Stanford University

News Service



CONTACT: David F. Salisbury, News Service (650) 725-1944;

Stanford solar physicists take part in eclipse webcast

Stanford solar physicists Phillip Scherrer and Todd Hoeksema, and their children, will participate this week in a webcast on the total solar eclipse that will occur on Thursday in the southern Caribbean.

The production is being staged by the San Francisco Exploratorium, Discovery Online and NASA. It will consist of two live webcasts: one on Wednesday, the night before the eclipse, from 7 to 9 p.m. PST, and one during the eclipse on Thursday from 9 to 11 a.m. PST.

Observers stationed along the path of totality will share live images of the eclipse with a studio audience at the Exploratorium and an Internet audience. In addition, the webcast will explore the science, research and history of eclipses and the sun's corona.

Hoeksema, with his son Nathan and Scherrer's daughter Amy, will be featured in the Wednesday evening webcast between 7:25 and 7:40 p.m. First, Nathan and Amy will describe their experience viewing the recent eclipse in Baja California. Then Hoeksema ­ a member of Stanford's Solar Oscillation Investigation Group that is studying the sun using instruments on the Solar and Heliospheric Observatory (SOHO) spacecraft ­ and Robert Lin from the University of California-Berkeley will explain what a solar eclipse is and why studying it is important.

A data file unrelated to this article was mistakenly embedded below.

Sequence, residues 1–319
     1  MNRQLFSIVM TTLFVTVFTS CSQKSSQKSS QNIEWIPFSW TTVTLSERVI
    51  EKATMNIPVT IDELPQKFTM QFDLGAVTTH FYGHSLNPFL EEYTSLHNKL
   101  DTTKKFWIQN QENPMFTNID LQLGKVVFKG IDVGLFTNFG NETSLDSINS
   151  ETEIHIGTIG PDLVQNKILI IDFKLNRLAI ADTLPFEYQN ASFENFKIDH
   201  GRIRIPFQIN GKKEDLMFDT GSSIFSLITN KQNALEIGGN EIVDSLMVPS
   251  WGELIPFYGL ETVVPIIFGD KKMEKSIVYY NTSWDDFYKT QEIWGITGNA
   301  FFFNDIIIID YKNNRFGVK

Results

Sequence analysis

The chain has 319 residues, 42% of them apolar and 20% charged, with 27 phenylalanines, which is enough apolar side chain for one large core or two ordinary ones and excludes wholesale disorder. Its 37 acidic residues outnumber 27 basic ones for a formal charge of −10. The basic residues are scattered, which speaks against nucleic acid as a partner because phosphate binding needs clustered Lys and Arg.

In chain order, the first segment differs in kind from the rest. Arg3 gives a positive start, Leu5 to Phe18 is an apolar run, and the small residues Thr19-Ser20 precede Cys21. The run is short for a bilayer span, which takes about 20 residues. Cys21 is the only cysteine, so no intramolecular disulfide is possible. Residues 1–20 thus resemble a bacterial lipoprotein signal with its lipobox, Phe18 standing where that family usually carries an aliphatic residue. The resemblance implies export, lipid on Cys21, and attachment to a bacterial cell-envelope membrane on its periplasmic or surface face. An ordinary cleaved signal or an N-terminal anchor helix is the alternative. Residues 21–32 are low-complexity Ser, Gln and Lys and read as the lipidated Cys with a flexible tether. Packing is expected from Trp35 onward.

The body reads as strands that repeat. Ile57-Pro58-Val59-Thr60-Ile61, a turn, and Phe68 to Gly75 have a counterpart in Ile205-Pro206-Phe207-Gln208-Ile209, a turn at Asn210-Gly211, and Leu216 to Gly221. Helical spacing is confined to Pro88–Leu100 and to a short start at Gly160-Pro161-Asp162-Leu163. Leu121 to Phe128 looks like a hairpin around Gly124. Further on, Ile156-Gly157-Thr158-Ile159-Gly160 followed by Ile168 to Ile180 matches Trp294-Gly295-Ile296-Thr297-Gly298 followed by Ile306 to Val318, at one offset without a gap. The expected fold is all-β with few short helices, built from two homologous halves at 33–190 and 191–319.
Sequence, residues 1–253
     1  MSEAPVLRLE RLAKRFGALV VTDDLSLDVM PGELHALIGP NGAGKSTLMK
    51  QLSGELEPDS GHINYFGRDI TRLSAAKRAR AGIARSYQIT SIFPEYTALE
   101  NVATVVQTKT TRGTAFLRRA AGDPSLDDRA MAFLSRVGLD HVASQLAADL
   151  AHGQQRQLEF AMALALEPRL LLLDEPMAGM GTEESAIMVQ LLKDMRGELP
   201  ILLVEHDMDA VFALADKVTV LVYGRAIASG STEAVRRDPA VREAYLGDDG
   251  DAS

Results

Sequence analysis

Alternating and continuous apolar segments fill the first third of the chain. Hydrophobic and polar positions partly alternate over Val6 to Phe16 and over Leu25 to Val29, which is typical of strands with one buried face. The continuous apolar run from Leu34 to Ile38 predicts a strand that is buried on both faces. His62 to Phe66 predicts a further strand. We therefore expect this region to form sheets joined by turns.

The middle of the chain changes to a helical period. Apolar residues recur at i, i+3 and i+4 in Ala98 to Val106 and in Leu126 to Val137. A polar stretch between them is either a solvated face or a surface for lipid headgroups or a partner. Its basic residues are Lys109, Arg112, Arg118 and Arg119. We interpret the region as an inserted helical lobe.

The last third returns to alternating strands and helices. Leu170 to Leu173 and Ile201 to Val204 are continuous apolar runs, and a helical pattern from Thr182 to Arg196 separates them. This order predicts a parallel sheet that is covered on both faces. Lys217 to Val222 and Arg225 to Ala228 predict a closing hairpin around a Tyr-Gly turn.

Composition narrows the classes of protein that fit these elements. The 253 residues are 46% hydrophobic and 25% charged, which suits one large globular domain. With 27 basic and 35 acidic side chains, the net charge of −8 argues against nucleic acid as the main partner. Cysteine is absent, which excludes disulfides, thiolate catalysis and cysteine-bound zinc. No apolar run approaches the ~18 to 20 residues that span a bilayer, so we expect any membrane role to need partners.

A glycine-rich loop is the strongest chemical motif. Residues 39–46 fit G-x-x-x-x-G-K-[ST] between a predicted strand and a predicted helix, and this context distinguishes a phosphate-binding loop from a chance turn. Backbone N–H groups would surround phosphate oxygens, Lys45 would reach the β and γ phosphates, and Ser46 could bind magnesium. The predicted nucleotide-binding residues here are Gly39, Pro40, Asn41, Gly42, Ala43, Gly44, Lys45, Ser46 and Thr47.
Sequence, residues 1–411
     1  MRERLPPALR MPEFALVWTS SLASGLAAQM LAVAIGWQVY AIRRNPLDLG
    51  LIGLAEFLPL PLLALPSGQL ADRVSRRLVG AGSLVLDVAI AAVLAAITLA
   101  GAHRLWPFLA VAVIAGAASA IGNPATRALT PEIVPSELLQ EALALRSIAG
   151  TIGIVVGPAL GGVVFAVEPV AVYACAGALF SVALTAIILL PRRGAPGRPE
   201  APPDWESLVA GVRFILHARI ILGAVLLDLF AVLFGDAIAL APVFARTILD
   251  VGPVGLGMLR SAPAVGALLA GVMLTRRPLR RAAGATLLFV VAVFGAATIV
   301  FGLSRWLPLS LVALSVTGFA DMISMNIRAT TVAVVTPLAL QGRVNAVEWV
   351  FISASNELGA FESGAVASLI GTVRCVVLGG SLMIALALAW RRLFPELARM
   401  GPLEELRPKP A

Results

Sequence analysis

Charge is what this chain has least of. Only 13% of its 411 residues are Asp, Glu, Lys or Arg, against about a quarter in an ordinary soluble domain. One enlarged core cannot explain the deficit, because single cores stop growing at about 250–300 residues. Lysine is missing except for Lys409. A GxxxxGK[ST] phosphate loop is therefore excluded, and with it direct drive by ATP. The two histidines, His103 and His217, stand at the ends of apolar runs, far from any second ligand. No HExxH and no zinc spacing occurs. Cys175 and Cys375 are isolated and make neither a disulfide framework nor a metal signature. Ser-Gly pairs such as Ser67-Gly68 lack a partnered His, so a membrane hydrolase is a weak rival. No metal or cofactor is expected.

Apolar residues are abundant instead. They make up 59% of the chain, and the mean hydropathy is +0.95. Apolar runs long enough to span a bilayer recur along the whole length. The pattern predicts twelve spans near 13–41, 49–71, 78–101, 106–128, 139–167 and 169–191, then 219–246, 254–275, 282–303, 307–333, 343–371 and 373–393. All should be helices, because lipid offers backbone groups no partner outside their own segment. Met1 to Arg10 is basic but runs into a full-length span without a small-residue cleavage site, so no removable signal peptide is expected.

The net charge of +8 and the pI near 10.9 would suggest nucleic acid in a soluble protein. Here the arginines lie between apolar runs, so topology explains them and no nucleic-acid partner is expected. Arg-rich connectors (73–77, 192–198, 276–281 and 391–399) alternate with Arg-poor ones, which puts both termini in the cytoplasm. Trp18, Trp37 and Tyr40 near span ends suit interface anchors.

"We've put together a videodisc that shows what we expect people will see during the eclipse," says Hoeksema, "and then we will compare it with what actually happens. We've made these kinds of predictions before, but this will be the first time that we've compared them in real time."

Between 9:15 and 9:30 a.m. on Wednesday, Scherrer, who heads the Stanford SOHO group, and Janet Luhman from the University of California-Berkeley will discuss what scientists have learned recently about the sun and why it is important. The eclipse will occur between 9:30 and 10:30 a.m. After the eclipse, Scherrer will compare his group's prediction with what actually happened.

There is no special charge to the join the studio audience, only the normal Exploratorium admission price. To view the program over the Internet, viewers must have at least a 28.8 Kbps Internet connection and must be running either Netscape 2.0 or better or Microsoft Explorer 3.0 or better. To receive the audio from the webcast, a RealAudio player is required. The URL is


By David F. Salisbury

© Stanford University. All Rights Reserved. Stanford, CA 94305. (650) 723-2300. Terms of Use  |  Copyright Complaints